Nursing Home Abuse: A Common Problem
It is the stuff of nightmares: a strange bruise on the face of your elderly parent or signs of mental agitation and depression in your disabled spouse. The individual in either example relies on a nursing home for their care and both display the often subtle signs of nursing home abuse.
Because the elderly comprise over 13 percent of the population and the disabled another 19 percent, nursing home abuse is an unpleasant reality that should concern everyone. It is a sad fact that more clients experience nursing home abuse than typically is imagined. In the United States alone almost half of all nursing home residents have experienced abuse in forms which range from mild to life-threatening.
Nursing home abuse takes on different forms. Sometimes it can be physical. Physical abuse in nursing homes commonly includes the following behavior:
- ¬†¬†¬† Binding a resident with ropes;
- ¬†¬†¬† Spraining or dislocating a resident‚Äôs limbs;
- ¬†¬†¬† Pinching a resident and causing open wounds;
- ¬†¬†¬† Punching a resident or breaking eyewear;
- ¬†¬†¬† Burning a resident.
Some nursing home residents suffer physical mistreatment in the form of sexual abuse, which is defined as sexual contact with any personal incapable of giving assent. This includes rape, sodomy, touching and explicit photography.
Abandonment and neglect also fall under the rubric of nursing home abuse. Caretakers sometimes purposefully neglect their elderly or disabled clients, often refusing to care for them altogether. In the worst cases, caregivers may ignore a resident‚Äôs self-neglect, such as when an elderly or disabled person refuses to perform basic hygiene or to take required medications, to the point where it endangers their client‚Äôs life.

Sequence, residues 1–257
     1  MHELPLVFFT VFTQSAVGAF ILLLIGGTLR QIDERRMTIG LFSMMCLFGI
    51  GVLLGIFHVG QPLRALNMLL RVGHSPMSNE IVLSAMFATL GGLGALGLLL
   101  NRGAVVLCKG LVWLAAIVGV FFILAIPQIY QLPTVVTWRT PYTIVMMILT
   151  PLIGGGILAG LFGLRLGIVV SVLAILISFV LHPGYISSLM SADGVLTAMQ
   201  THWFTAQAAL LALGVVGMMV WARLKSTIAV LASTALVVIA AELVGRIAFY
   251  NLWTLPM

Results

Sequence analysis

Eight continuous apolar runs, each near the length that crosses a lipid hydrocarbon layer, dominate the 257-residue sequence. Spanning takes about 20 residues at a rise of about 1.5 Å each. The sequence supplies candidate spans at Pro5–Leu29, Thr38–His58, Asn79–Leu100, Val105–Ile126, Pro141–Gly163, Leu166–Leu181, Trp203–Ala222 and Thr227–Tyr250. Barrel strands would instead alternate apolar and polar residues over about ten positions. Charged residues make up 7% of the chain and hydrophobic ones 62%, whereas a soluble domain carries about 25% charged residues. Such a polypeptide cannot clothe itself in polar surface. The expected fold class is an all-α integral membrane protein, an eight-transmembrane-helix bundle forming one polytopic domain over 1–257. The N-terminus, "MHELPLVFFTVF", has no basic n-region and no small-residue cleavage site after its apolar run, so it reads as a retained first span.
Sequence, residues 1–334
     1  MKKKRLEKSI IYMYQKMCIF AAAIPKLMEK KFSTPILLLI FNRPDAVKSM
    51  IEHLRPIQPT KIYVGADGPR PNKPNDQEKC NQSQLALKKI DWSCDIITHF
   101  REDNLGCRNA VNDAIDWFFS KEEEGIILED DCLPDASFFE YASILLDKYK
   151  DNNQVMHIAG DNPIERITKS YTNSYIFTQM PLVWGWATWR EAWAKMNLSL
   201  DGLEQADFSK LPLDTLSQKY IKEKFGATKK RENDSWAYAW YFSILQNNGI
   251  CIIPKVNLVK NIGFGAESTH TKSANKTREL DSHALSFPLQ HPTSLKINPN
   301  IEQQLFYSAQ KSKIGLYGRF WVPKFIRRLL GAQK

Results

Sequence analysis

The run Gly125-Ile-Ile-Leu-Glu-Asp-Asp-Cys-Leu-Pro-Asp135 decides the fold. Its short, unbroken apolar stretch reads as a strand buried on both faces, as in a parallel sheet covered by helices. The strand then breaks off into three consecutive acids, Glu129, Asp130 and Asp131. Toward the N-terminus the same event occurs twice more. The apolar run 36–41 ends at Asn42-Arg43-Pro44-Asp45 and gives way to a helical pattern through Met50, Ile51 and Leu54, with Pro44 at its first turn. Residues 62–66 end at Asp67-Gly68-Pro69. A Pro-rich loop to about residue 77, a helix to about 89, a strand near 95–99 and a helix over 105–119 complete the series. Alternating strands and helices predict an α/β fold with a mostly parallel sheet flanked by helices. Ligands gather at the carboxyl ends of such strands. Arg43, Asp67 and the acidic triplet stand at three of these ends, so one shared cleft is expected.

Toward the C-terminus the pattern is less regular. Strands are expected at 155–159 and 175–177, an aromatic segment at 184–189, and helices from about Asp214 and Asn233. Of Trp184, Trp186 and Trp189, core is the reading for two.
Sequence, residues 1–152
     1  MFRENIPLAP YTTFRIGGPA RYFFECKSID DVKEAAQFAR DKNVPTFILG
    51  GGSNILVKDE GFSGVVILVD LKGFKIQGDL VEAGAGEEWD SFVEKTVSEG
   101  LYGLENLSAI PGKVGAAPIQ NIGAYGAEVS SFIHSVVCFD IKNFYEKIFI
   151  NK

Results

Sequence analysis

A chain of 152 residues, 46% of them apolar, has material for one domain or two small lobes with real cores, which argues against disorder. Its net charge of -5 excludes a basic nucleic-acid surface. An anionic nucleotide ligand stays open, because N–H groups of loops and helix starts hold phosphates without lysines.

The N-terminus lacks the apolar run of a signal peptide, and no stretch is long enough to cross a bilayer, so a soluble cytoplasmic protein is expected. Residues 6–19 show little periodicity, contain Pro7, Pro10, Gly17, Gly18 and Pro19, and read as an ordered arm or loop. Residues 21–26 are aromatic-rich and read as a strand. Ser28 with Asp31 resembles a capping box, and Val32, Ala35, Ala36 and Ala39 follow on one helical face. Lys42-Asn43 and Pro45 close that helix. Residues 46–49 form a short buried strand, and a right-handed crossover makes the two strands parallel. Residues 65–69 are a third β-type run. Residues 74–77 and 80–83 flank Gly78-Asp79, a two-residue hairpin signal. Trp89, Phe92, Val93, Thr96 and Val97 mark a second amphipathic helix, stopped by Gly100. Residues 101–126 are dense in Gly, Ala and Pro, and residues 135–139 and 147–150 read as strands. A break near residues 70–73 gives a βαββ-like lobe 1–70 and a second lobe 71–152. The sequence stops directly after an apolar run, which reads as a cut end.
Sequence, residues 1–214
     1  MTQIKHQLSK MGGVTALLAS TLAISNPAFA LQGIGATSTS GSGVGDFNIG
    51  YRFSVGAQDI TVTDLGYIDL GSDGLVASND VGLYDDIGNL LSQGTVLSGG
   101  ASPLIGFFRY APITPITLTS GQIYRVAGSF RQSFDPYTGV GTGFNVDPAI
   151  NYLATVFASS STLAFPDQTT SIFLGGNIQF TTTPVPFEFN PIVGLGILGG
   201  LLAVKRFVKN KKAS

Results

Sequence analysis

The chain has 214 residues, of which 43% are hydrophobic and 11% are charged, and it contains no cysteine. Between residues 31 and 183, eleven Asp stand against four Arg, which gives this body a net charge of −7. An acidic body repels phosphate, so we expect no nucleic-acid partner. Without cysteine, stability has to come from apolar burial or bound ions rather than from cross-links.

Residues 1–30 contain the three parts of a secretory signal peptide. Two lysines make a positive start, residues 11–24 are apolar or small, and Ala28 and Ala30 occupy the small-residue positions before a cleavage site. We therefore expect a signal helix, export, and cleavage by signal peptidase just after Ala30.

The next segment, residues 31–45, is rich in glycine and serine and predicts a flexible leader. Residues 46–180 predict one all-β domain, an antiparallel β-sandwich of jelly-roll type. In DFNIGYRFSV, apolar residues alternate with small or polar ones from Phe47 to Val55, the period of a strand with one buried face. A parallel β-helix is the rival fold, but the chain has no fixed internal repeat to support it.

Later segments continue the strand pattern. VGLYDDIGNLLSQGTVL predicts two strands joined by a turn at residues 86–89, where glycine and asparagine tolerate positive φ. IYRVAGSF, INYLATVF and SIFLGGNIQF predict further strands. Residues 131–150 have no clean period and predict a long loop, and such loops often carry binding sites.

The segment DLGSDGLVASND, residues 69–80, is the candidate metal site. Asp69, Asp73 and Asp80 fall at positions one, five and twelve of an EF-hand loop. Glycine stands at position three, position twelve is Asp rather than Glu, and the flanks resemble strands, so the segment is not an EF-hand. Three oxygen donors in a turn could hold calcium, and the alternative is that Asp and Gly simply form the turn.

A more silent and invisible form of nursing home abuse is emotional abuse, an all-too-frequent occurrence. Elderly residents may suffer attacks on their dignity at the hands of tormenting, terrorizing or teasing caregivers. Caregivers might also take advantage of their elderly or disabled clients, abusing their clients through financial manipulation. These caregivers may make withdrawals from bank accounts or force an elderly or disabled person into signing over titles to valuable possessions.
Victims of Nursing Home Abuse: Act Quickly
Punishments for abuse of elders and disabled people vary by state. So if you suspect a nursing home resident has suffered abuse, you should know your rights. Such abuse carries stiff punishments by law. Learn to spot the signs of nursing home abuse: Watch for inexplicable withdrawal from normal activities, rope marks and bruises or lacerations around the genitals, bedsores and abnormal weight loss.
But these are only a few signs of nursing home abuse; make sure to keep watch for anything unusual or troubling in a nursing home resident. Do not be afraid to report to an official the abuse of the elderly or disabled. In fact, eight states already require any person to report evidence of nursing home abuse, regardless of whether the individual reporting is a health care professional.
If you suspect an elderly or disabled person a victim of abuse, follow these three rules:
- Call 911 if the abuse threatens the welfare of the client.